JANUARY 20, 2020

Best to plan

BY CHICA VILLARTA
IMAGES FROM THEVERYDAY.PH

Promise yourself: this year will be the year you maximize your planner to its full potential.

To say that we had an, er, colorful start to 2020 would be a massive understatement—when we haven’t even got our bearings back from the crazy Christmas revelry, January decided to throw massive (massive!) curveballs that has left us more in a daze than during the holidays.

This decade’s way of kicking off seems to be sending a message all-too-clear: plan ahead, and plan well.

Got a planner yet? It’s never too late to cop one, and as the month of January is infamously known to merely be every year’s “trial month,” we say it’s still high time to heed these tips to make the most out of your journal of choice.

We sought advice from Winnie Wong, Youtuber and founder of planner brand The Everyday, which held a pop-up for its 2020 planner in Glorietta last December.

This year’s version of The Everyday is extremely special, as Winnie produced it with her business partner and longtime friend, actress Toni Gonzaga.

Winnie shares four ace tricks in using your planner, so you won’t end up with a half-filled pile of paper come year-end:

1. Pinpoint parts of your planner you feel you can help you the most.

Planners exist to guide you through pain points you might have in terms of organizing your life. While most planners have a trove of different features, you don’t need to fill out every single blank space to the brim.

Pick an area of your life you feel your planner can help you with, and utilize it as needed. 

For example, The Everyday planner has a nifty budgeting section where you can jot down where your money goes for the week.

The budgeting page from The Everyday planner

Winnie suggests not nitpicking and writing down every single cent the moment it leaves your wallet. “Just focus on parts of your life you think you have the tendency to overspend on, and jot those down,” she shares.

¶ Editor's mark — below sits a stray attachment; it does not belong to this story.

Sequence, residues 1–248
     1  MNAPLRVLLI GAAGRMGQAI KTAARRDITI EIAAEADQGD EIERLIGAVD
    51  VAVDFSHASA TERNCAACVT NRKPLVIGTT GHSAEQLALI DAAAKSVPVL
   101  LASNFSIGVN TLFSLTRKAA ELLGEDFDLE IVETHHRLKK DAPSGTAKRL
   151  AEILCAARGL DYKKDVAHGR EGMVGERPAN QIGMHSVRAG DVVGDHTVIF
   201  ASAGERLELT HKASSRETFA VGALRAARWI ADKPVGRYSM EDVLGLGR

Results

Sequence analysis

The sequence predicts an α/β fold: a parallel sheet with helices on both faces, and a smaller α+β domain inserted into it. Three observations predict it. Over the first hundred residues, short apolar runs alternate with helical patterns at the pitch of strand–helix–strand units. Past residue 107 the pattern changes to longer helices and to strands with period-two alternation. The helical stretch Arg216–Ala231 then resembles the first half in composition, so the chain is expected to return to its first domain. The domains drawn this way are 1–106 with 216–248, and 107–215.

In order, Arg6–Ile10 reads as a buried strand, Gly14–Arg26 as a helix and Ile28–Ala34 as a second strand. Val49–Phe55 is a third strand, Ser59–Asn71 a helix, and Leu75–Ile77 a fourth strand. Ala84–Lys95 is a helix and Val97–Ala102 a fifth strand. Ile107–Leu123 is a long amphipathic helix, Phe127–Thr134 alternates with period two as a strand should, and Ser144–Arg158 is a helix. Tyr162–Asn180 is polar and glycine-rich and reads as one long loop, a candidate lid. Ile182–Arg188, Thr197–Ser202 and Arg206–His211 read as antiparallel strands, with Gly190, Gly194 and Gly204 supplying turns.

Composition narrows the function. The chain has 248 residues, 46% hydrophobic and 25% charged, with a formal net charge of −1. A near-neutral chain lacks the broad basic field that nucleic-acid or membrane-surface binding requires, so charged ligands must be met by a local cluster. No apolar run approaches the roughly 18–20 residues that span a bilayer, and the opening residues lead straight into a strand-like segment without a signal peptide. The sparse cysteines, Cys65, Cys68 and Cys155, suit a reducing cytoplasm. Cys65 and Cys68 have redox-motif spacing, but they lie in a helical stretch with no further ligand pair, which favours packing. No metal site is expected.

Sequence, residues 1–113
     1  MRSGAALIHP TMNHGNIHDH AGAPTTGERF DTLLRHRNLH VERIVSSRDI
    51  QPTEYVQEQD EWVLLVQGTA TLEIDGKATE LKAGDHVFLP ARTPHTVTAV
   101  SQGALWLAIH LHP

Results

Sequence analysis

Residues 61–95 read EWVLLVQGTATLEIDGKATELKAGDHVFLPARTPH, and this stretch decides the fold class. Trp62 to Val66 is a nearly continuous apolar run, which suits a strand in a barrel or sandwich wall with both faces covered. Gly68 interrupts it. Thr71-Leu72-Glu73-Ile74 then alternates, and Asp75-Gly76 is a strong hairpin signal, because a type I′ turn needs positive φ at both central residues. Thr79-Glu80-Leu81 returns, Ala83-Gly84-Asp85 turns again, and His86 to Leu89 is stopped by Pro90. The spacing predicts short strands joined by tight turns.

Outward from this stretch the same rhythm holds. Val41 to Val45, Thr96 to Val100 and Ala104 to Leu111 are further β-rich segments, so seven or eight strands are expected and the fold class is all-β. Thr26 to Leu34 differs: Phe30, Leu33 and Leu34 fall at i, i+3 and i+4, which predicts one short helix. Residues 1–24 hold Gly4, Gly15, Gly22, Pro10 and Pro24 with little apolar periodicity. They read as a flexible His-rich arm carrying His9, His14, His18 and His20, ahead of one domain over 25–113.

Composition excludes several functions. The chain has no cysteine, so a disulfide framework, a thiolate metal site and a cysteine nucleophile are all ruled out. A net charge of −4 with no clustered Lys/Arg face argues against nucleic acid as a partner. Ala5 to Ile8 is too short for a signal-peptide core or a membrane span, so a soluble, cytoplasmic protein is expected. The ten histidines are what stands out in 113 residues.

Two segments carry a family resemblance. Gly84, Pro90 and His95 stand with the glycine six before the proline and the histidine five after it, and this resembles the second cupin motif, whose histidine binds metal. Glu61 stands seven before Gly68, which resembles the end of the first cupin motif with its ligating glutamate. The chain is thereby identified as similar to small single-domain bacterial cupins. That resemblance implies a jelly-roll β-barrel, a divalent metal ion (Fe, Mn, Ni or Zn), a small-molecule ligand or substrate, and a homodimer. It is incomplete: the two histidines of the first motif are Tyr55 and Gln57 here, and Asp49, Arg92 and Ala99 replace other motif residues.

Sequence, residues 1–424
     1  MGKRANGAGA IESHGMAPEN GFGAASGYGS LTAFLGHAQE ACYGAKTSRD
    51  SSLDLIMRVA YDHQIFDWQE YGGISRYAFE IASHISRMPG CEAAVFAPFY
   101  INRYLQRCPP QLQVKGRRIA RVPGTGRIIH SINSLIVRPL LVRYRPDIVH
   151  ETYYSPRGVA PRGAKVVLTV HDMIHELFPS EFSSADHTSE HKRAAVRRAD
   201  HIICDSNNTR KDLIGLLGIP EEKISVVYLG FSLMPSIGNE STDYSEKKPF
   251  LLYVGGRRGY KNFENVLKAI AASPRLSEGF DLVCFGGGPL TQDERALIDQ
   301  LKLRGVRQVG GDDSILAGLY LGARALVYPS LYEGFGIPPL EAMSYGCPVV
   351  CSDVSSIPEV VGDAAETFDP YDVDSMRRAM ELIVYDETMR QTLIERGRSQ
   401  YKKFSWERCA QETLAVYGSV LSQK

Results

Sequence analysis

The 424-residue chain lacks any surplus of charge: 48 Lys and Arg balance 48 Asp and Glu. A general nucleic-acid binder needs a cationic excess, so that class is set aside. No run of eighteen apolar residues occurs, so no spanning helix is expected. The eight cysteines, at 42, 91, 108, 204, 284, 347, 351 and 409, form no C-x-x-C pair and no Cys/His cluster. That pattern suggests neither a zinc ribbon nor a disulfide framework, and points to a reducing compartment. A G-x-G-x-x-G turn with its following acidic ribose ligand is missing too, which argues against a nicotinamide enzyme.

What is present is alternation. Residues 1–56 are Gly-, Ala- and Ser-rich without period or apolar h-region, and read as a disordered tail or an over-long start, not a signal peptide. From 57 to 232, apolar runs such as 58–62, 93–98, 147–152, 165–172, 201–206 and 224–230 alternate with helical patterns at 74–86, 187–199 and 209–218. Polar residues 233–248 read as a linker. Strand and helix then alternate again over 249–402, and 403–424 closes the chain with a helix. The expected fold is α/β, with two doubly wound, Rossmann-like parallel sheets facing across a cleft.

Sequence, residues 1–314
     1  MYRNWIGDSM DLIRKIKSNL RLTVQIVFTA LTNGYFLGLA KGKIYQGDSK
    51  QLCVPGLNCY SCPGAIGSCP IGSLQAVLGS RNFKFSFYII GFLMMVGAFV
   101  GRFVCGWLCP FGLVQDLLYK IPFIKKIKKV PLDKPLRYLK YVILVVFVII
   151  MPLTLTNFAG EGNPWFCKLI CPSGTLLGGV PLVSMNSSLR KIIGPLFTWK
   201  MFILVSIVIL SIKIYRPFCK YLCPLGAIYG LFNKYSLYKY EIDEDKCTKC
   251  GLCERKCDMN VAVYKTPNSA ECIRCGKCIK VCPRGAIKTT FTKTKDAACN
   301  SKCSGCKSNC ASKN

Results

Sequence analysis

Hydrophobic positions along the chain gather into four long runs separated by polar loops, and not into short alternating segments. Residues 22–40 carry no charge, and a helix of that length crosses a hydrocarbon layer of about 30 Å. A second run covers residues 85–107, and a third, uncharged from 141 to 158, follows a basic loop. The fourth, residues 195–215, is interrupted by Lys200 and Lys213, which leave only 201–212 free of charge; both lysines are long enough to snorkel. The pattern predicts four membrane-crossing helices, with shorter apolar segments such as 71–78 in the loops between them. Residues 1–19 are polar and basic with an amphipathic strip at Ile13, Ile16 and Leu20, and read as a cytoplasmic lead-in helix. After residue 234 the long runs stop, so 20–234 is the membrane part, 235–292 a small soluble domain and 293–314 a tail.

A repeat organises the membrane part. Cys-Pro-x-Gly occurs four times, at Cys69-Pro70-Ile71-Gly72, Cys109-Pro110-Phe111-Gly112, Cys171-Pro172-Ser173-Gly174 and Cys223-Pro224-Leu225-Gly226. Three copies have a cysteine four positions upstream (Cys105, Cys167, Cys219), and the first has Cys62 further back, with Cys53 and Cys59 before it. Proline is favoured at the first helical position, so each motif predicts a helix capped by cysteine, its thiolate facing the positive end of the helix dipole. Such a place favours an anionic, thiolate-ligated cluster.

2. When planning big goals for the year, make it work by breaking it down to smaller, achievable goals.

New Year’s resolutions can be daunting, and we often write down our massive goals for the year at the front of our planners without knowing where to start on achieving this huge feat. 

The key is in breaking down your big goal into small, more achievable touchpoints you can more easily accomplish little by little, and these mini milestones should inch you nearer and nearer to the main objective. 

Pro tip: Break big goals down into small goals.

Say, if your goal for the year is losing weight, Winnie suggests to break it down to an exercise goal and a health or food intake goal, and work on each of them according to what you’re more comfortable with.  

Taking small steps you can easily achieve will always be better than remaining stuck at a grand ideal you’re too intimidated to accomplish.

3. Before the start of the week, jot down your to-do list for the week ahead.

As you head on to start another week, it’s best to list down everything you plan to achieve for next seven days, so you’ll know which tasks to prioritize. 

Oftentimes, menial everyday tasks tend to take up our time, distracting us from the things we should be prioritizing.

Winnie suggests pinpointing your priorities for the week to come to avoid being sidetracked.

The Everyday’s daily to-do space—a full week in one page

She also suggests writing all repetitive tasks for each day in just one sitting, to save you time when you’re in the thick of your activities for the week.

4. Don’t spend too much time working on your planner!

Planners are there to help you get through your day with ease, and with more of your tasks accomplished. Spending too much time doting on your planner may prove counterproductive. 

While designing planners may be therapeutic to some, remember that the main reason planners exist to simplify your life, help you achieve your goals, and encourage you to actively work on the things you set out to do. 

Winnie suggests beautifying your planner during your free time or after you accomplish what’s written on it. 

Image from The Everyday

Also, it doesn’t matter if you don’t have mad design skills or if you were born with terrible handwriting—your planner will love you just the same.

Visit The Everyday to get your own planner.